Getting too much calcium can cause constipation. It might also interfere with the body’s ability to absorb iron and zinc, but this effect is not well established. In adults, too much calcium (from dietary supplements but not food) might increase the risk of kidney stones. Some studies show that people who consume high amounts of calcium might have increased risks of prostate cancer and heart disease, but more research is needed to understand these possible links.
The upper limits for calcium are listed below. Most people do not get amounts above the upper limits from food alone; excess intakes usually come from the use of calcium supplements. Surveys show that some older women in the United States probably get amounts somewhat above the upper limit since the use of calcium supplements is common among these women.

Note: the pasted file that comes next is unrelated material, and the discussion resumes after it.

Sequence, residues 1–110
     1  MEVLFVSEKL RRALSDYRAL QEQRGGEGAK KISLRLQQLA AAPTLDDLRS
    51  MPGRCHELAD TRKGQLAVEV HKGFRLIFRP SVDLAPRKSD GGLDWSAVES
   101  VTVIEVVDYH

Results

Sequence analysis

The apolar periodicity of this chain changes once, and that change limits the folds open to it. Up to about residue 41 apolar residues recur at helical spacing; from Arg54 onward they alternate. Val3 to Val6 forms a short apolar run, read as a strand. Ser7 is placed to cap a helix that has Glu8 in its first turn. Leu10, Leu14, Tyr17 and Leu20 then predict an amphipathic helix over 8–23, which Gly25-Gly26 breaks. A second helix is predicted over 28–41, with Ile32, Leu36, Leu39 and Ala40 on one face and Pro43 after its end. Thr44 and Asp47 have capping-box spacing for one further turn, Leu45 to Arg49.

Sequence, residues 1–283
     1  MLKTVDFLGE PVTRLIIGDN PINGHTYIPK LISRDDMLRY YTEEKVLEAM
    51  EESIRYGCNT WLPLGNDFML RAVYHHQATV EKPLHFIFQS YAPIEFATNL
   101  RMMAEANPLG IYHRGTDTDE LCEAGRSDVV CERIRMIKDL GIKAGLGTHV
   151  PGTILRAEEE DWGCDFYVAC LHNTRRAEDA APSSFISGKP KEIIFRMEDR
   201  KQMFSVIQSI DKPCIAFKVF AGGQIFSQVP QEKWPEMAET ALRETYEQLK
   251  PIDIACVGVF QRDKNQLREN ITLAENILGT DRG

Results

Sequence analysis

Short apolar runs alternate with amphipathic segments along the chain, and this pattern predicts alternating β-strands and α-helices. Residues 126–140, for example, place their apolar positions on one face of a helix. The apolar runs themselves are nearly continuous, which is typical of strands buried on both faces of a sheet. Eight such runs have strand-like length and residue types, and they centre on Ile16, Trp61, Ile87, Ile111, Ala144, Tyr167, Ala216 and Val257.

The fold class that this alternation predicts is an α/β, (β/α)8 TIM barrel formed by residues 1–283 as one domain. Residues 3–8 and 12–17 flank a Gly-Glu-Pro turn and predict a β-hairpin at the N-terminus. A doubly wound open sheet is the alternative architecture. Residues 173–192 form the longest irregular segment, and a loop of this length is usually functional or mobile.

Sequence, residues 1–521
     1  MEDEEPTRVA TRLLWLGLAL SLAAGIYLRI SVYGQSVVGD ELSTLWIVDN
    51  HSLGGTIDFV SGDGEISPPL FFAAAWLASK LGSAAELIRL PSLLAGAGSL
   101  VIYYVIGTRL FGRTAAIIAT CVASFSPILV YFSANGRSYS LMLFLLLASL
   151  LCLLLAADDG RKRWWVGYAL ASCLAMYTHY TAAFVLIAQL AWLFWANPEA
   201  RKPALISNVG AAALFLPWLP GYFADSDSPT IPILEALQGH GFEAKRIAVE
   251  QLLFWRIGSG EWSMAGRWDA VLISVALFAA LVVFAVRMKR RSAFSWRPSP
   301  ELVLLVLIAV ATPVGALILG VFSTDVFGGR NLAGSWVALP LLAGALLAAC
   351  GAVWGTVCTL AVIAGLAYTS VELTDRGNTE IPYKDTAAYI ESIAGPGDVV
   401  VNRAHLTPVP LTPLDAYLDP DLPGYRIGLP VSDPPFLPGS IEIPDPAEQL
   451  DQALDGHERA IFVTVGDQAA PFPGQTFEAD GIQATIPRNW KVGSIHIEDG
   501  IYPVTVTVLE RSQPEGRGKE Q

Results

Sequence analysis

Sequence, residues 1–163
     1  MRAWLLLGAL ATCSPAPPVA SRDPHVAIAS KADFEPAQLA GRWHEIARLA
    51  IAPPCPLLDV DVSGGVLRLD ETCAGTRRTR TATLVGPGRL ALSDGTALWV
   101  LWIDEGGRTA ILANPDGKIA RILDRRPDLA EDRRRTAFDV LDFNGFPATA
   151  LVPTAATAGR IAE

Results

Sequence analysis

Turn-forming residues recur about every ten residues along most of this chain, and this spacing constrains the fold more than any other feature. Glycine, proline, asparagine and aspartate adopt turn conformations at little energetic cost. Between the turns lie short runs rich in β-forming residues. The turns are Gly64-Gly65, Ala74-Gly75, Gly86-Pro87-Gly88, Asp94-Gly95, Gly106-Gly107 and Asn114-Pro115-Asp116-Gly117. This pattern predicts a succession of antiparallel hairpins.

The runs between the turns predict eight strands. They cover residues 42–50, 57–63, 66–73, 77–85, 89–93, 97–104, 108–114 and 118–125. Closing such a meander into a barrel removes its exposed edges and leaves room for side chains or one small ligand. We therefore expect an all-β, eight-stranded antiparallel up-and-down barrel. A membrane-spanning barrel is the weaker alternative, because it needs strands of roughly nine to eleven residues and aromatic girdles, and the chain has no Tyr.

|Life Stage||Upper Limit|
|Birth to 6 months||1,000 mg|
|Infants 7–12 months||1,500 mg|
|Children 1–8 years||2,500 mg|
|Children 9–18 years||3,000 mg|
|Adults 19–50 years||2,500 mg|
|Adults 51 years and older||2,000 mg|
|Pregnant and breastfeeding teens||3,000 mg|
|Pregnant and breastfeeding adults||2,500 mg|
Linna Attending physician
Dr. Linna，a Tongji University and several III grade hospitals trained specialist, received her medical degree in 2001, and has18 years of clinical experience. DrLinna is proficient in the diagnosis and treatment of commonly occurring Orthopedics and surgical diseases, such as sports injuries or trauma to the back, neck, shoulder, knee, ankle, and other joints, as well as surgical Congenital disease management. Dr. Linna’s specialist expertise includes minimally invasive surgery, Mainipulation replacement for Fracture or Dislocatio and combined with new diagnostic techniques in treating pediatric surgical diseases.